Spock, saddened by the news of Ambassador Spock’s death admits that he finds himself, “contemplating the nature of mortality.” The Word of God reveals how well our Lord understands our nature and that times of death make us more introspective.

“It is better to go to the house of mourning than to go to the house of feasting, for this is the end of all mankind, and the living will lay it to heart.” —Ecclesiastes 7:2

Spock adds, “When you’ve lived as many lives as he, fear of death is illogical.” The Apostle Paul came to a similar conclusion, though not in the same words, when he reasoned that with life eternal to consider, death was no longer to be feared.

“Where, O death, is your victory? Where, O death, is your sting?” —1 Corinthians 15:55

McCoy comes to his own epiphany when he thinks he is about to die, and he remarks, “At least I won’t die alone.” None of us, who call Jesus our Lord, will die alone, and we all can look forward to seeing our Lord on that day, just as the Church’s first martyr Stephen testified as they were stoning him to death.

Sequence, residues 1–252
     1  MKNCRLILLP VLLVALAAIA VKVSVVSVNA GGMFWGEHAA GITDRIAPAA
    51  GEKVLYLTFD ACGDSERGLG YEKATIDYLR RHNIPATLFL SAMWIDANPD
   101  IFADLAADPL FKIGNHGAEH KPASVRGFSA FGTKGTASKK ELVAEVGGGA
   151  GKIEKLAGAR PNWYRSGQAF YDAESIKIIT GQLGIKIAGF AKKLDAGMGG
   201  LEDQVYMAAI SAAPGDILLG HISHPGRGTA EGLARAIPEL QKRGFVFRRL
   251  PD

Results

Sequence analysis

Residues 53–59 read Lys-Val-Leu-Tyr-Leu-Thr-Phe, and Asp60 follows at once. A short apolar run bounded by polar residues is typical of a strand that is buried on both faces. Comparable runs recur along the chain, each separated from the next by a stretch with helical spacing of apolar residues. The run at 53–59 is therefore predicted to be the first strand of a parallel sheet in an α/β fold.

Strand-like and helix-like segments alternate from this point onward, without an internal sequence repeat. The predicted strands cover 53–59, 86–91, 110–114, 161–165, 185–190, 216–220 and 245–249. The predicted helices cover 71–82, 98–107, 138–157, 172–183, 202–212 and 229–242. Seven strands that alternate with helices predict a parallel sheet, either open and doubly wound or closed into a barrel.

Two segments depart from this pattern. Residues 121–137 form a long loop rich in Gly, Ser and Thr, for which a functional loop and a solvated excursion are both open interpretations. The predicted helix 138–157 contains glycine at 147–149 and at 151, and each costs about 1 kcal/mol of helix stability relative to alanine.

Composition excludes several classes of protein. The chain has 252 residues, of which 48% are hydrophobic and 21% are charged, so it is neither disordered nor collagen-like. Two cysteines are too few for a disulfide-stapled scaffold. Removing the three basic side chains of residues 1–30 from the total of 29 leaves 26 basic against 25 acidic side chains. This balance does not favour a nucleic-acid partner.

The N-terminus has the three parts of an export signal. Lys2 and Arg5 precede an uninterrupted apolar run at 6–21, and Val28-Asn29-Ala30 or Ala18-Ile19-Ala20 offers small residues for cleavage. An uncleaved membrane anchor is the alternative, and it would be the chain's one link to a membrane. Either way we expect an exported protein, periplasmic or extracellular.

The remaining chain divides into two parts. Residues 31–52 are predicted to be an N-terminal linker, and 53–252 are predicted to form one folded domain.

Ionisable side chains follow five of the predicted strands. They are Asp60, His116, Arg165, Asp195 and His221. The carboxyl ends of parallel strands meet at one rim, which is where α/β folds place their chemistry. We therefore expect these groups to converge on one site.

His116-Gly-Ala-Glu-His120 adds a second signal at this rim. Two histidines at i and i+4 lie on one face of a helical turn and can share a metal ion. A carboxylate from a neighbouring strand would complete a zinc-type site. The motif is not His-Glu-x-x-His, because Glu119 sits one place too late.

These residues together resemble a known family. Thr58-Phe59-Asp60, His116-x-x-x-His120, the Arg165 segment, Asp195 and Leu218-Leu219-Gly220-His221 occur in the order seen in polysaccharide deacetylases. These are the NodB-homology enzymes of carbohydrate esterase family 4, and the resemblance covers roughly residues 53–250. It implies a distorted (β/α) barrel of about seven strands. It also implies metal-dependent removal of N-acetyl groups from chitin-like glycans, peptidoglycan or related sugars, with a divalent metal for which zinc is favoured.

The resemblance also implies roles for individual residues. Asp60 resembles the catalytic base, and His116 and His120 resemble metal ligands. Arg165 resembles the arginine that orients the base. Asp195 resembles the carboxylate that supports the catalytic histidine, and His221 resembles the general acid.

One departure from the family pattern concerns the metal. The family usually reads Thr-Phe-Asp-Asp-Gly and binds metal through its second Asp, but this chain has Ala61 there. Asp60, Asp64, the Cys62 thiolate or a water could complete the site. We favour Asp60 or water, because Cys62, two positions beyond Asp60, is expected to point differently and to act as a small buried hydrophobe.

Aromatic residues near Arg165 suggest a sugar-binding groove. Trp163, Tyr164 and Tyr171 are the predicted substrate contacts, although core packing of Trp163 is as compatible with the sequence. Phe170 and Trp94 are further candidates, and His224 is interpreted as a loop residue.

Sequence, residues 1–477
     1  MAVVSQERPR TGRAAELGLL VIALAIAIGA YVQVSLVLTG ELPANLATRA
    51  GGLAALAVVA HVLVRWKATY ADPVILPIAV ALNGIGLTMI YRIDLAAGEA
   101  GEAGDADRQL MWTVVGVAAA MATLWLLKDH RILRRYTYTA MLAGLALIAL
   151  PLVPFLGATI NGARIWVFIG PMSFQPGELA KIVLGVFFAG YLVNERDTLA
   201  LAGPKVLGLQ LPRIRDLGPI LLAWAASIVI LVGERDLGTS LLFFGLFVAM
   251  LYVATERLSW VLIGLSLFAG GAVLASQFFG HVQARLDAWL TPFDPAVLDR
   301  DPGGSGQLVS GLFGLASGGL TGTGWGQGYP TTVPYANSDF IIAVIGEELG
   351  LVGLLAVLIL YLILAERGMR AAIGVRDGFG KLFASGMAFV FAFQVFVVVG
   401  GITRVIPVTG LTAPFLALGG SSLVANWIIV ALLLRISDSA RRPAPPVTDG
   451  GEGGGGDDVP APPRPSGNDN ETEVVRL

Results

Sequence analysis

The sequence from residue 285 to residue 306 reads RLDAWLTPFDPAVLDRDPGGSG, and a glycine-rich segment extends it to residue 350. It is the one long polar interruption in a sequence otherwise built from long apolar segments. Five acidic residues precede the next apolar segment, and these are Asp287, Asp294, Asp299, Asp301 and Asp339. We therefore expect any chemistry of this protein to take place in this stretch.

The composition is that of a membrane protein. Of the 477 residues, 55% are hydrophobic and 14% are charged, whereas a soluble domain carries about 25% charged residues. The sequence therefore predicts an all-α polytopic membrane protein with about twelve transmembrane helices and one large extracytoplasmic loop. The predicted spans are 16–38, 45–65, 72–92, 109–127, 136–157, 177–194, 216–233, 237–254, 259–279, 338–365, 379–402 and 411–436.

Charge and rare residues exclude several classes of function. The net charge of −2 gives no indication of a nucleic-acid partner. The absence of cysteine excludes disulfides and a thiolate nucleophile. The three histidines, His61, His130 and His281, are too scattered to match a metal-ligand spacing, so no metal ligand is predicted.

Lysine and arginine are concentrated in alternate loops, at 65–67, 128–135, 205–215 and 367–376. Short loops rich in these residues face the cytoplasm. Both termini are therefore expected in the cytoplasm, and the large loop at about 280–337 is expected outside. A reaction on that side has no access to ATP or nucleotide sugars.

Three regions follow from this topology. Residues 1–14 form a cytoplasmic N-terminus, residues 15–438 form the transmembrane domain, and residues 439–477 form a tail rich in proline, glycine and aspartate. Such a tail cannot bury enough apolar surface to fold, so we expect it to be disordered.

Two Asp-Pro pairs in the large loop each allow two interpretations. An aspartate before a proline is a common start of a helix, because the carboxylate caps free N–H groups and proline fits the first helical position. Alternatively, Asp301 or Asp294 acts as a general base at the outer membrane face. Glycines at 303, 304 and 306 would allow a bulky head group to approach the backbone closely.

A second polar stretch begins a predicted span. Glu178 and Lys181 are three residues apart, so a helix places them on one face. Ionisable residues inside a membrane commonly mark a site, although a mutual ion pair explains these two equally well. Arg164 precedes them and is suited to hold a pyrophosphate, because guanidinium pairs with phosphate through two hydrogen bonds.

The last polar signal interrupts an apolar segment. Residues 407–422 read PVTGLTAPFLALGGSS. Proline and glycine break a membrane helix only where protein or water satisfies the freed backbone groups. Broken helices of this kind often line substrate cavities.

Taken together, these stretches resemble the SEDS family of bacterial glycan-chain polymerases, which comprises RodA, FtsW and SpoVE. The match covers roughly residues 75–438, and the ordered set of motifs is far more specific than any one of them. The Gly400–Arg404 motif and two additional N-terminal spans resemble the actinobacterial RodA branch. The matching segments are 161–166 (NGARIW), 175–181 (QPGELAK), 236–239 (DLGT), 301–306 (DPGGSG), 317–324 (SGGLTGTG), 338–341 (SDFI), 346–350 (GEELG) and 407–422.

“But Stephen, full of the Holy Spirit, looked up to heaven and saw the glory of God, and Jesus standing at the right hand of God.” —Acts 7:55

Death may be the inevitable consequence of war, but the Word of God tells us we can look forward to the time when Jesus shall return, reign over us, and then there will be no more need for conflict.